I have seen schools with strong school pride, but I’ve never seen anything quite like The Rock Of Ages Academy’s school pride. It was more than a few smiles and cheers; the school celebrated the end of the year with two breath-taking, beautiful events which truly exemplified what pride they really have, and I feel so lucky to have been a part of both.
The first was last Friday, the whole school “Picnic” . Those who were able to afford it, came their “Friday outfits”, a blue jersey top and bottom. They looked really cute, and everyone was so excited. The teachers were all wearing their staff t-shirts, and to assure that we all looked uniform, the proprietor stopped by our dorm at 6:30 am just to drop off shirts for Bea and I. We were honored to receive the shirts and felt like such a part of the community. After hanging out for a few minutes, and having a morning assembly, the children began gathering around by the entrance; we were told they were waiting for the band…we had no idea what this meant. Within minutes a van pulled up and the kids all began screaming and running towards the van, hitting it’s sides. When it stopped, out stepped a BRASS BAND!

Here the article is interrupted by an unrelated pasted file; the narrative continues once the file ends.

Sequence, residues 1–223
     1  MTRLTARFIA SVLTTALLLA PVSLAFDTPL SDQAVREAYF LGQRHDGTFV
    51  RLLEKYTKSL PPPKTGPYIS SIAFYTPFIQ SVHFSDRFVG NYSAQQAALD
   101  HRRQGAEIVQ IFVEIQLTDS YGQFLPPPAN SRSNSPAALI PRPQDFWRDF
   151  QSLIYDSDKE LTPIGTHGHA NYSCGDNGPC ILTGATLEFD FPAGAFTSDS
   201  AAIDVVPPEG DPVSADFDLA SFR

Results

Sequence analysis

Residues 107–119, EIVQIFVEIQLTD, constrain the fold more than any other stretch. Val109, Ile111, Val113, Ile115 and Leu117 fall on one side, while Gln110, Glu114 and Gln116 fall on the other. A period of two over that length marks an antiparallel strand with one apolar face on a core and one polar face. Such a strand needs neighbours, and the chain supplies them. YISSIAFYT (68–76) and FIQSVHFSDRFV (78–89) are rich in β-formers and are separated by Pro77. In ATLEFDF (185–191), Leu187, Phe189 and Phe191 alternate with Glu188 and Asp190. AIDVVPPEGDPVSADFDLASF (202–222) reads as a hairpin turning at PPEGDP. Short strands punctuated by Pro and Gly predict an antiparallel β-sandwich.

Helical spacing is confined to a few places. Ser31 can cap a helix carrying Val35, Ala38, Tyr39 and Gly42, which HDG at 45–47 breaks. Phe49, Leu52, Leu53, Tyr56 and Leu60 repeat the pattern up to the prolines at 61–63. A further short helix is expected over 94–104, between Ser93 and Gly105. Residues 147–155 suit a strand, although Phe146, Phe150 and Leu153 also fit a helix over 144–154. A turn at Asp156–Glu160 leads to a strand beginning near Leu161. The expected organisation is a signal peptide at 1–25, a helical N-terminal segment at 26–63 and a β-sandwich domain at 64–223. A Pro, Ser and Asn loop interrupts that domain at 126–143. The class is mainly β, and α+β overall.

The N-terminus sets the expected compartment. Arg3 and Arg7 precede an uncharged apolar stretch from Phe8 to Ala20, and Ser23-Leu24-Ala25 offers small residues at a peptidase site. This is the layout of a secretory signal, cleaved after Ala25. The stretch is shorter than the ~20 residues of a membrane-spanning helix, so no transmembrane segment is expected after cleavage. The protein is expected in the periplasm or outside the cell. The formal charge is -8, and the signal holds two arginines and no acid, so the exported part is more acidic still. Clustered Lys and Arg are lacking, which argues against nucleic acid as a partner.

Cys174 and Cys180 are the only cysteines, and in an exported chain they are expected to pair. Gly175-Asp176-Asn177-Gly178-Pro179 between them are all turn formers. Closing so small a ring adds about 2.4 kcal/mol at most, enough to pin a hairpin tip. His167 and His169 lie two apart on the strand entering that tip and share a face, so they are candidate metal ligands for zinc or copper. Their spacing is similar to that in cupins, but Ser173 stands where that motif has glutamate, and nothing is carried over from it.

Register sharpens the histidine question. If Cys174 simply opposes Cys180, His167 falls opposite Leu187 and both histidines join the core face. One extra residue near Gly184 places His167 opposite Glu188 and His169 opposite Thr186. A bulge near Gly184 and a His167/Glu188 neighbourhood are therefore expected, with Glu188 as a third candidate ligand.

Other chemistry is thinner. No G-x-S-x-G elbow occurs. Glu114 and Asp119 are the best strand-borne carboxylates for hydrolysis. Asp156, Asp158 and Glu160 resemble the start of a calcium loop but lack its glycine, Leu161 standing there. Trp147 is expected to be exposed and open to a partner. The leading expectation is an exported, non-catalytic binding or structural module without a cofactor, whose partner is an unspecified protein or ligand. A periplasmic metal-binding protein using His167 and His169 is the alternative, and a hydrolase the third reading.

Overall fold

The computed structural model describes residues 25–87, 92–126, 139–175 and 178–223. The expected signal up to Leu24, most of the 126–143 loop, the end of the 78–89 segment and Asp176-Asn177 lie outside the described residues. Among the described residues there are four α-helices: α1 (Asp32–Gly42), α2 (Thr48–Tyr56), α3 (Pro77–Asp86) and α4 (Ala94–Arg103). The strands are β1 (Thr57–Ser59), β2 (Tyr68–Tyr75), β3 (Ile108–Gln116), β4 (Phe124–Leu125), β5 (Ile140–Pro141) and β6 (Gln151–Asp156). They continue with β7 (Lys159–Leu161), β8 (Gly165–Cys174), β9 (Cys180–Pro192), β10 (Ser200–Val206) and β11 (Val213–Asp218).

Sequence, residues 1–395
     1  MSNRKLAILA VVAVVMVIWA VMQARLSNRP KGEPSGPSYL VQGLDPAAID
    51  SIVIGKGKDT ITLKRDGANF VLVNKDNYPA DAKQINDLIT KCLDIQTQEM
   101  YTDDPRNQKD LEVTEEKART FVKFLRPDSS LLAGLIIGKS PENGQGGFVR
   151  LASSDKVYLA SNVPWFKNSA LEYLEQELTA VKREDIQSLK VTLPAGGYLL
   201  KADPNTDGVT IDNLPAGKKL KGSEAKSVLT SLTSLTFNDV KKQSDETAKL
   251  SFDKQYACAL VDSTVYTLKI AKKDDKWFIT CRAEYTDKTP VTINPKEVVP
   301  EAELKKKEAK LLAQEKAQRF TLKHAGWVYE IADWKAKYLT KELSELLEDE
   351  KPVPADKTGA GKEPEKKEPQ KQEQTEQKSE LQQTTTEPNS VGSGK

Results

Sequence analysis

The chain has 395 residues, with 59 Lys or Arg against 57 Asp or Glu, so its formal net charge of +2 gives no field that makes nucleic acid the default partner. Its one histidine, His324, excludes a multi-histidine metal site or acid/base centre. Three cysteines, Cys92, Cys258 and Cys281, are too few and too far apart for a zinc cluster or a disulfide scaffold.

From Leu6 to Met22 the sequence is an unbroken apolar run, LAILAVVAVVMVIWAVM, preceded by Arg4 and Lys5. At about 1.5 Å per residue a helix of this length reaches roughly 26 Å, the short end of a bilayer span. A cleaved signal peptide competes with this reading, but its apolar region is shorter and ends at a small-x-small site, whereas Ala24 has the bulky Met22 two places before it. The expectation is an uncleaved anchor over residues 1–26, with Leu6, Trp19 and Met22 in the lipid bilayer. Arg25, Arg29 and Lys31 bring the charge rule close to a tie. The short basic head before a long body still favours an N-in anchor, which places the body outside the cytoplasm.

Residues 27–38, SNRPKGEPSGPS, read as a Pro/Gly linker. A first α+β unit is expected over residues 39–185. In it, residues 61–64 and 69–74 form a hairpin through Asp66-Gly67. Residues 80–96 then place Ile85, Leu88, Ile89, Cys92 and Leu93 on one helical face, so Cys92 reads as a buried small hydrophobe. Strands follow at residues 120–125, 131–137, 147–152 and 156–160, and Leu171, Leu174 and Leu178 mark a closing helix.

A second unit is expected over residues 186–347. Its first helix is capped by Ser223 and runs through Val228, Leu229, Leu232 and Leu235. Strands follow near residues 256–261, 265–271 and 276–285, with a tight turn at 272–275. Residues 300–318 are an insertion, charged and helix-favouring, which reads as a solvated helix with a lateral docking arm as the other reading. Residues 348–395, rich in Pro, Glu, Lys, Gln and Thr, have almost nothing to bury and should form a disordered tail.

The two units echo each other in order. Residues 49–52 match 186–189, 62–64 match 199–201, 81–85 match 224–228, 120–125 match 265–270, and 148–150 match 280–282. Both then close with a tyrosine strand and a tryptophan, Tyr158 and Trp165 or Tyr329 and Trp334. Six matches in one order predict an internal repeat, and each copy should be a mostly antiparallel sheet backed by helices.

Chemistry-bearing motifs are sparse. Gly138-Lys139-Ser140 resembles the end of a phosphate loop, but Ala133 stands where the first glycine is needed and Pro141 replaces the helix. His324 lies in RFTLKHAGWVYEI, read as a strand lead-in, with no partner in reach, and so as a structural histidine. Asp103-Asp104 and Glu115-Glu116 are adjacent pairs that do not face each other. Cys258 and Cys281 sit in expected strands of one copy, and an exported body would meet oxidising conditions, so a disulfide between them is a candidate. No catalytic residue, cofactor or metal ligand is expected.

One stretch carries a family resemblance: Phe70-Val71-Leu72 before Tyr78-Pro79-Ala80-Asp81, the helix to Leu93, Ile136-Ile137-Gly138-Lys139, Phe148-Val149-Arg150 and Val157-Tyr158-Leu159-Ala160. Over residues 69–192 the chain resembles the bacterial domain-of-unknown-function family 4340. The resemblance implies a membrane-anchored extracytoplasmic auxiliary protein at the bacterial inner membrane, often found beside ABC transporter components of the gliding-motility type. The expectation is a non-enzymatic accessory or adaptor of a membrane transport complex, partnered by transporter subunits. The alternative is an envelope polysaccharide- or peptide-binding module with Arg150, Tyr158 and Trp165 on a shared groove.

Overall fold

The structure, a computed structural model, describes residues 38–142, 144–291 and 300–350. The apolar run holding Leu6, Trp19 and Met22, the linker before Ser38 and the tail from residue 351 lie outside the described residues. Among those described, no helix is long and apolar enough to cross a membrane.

This was the last thing Bea and I expected to see, knowing we were in a community with not much money. But now we understood the importance of the day, and couldn’t wait to see what was about to unfold. The kids were quick to surround the band, who started to play. Bea and I really weren’t sure what was going on, so we thought we’d step back and watch. But the next thing we knew, we were being asked to lead the whole camp in a procession through town! Her and I each were lead one of the two lines of children the teachers helped form, and that’s all we were told. The brass band, who was in the back of the 2 lines of children began to play, and everyone began to dance. The kids began marching, dancing, waving their arms and walking to the beat of the music. There they were, over 200 kids dancing, singing, clapping, and most of all smiling huge grins as they danced their way through town to town in the streets. All the teachers were dancing as well. They were actually all encouraging the children to dance the entire time. In the middle of the procession the oldest kids took over the front of the line, and were given a large school banner which they waved proudly. The kids kept asking myself and Bea to dance with them, and so in between trying to keep all the kids (somehow) in line, we joined right in and began dancing. We were completely amazed at the entire event. Even the smallest kids were in the group dancing, smiling through the street, right next to cars, without any fear or fatigue…and it lasted for a while! We didn’t keep track, but it felt like 2 hours. With each new field, or town that we passed Bea and I began wondering when the picnic was going to start. We asked one of the staff members, and they said this WAS the picnic! Confused yes, but having a great time we were!